ACIL used a series of its own assumptions including oil prices and a carbon price.
Without a carbon price, the Ichthys project may only pay PRRT towards the end of its life but ACIL had not run the numbers on that, Energy News was told.
ACIL executive director John Nicolaou told Energy News the inclusion of a carbon price was "not a political statement", merely a modelling measure it believes will happen sooner or later.
"Under the base case assumption, no PRRT is paid by the project to 2050, and that is purely a recognition of the fact that it is a significant project in terms of capital investment," he said.
"While the factoring in of a carbon price might affect the results overall, even under the base case scenario it still wouldn't pay any PRRT, which really reflects that at current oil prices the project is profitable, but not super-profitable.
"In the high case price scenario the project would not pay PRRT until the later years. We need to do some additional modelling assumptions around that because we've included a carbon price in the overall taxation environment."
For its report, ACIL used the US Energy Information Administration's Annual Energy Outlook 2015 oil price forecast starting at $US52/bbl. The high price scenario increases by 1.5% and the low price decreases at 1.5%.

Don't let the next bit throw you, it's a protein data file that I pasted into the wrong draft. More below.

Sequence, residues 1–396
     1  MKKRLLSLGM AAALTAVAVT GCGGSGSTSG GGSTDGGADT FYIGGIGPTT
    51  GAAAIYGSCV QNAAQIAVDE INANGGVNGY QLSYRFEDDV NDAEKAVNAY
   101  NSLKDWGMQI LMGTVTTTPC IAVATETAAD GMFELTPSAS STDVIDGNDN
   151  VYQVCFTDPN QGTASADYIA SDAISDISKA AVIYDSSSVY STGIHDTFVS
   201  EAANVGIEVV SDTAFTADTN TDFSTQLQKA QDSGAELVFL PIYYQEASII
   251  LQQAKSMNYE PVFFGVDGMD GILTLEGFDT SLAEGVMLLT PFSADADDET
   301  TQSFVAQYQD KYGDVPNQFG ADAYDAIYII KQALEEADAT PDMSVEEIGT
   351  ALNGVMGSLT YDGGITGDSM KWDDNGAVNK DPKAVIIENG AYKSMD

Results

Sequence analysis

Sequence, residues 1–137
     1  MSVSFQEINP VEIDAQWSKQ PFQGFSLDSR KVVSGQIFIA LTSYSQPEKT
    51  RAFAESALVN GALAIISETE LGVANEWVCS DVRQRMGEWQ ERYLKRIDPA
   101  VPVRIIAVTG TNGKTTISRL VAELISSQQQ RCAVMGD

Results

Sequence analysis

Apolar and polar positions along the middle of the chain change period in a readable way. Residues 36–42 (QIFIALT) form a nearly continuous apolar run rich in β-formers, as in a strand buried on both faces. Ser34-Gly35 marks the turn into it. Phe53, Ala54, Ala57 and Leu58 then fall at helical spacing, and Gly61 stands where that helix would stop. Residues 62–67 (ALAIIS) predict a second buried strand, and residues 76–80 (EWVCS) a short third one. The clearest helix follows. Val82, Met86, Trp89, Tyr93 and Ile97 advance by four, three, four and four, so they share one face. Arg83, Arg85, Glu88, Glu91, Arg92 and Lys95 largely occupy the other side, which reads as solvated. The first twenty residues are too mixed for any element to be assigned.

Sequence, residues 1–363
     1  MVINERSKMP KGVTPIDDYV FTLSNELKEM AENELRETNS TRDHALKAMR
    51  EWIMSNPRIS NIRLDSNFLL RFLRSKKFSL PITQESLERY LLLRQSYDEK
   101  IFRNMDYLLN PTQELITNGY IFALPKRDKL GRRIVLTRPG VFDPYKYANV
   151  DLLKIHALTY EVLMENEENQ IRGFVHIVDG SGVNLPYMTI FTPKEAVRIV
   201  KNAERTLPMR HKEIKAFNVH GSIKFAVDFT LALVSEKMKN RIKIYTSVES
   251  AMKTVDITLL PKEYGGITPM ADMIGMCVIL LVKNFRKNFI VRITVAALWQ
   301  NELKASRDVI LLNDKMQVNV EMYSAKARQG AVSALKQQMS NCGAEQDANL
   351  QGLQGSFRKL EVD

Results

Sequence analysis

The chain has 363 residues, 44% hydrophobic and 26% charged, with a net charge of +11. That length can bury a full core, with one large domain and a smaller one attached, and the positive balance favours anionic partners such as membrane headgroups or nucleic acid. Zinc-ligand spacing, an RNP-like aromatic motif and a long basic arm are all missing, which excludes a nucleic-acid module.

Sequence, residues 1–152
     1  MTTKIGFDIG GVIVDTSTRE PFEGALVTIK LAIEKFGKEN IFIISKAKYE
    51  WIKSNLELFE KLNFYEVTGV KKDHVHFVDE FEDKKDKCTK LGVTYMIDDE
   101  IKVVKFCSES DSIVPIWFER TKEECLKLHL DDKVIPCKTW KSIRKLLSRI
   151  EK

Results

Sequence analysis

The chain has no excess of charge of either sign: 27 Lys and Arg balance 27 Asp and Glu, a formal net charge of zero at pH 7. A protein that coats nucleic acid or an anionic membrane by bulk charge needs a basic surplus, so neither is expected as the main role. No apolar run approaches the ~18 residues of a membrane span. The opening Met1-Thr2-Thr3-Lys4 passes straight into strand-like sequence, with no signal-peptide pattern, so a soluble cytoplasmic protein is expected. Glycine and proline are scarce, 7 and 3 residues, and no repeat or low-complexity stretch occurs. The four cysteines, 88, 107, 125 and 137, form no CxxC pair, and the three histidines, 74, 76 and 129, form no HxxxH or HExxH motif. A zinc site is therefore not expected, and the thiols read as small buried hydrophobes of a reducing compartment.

The firm also made the assumption that a price in carbon will be in place in 2021 and estimates that a price of producing one ton of carbon is $23.27, increasing by 2.5% a year.
The carbon price is an ACIL Allen assumption and is not one from Inpex.
"We have a strong energy practice in the firm, and [the carbon price is] the assumption we use for all large projects that have a long life," Nicolaou told Energy News.
"There's an assumption there that at some point, if we're to deliver on our commitments in terms of energy CO2 emissions, there would have to be a price on carbon at some point.
"That figures into government revenues.
"If you exclude the carbon tax there's a possibility [that the project would pay PRRT] but we haven't modelled it that way.
"A project of this size does have the effect of driving up the exchange rate, so it does have flow-on impacts. Those indirect benefits and costs are reflected in the overall results, through direct employment benefits and indirect benefits for everyday Australians, like healthcare."
Nicolaou said that, over the life of the project, ACIL estimates that about $5 billion would be generated in carbon price costs that would accrue to the Commonwealth out to 2050, which added was an "arbitrary" year the firm agreed with Inpex on which to do its modelling, and does not reflect the expected life of the project.
Nicolaou said interest payments on the $20 billion project financing - a record at the time which Inpex president director Australia Seiya Ito said had gained him the nickname "king of debt" by his colleagues - were included in ACIL's modelling.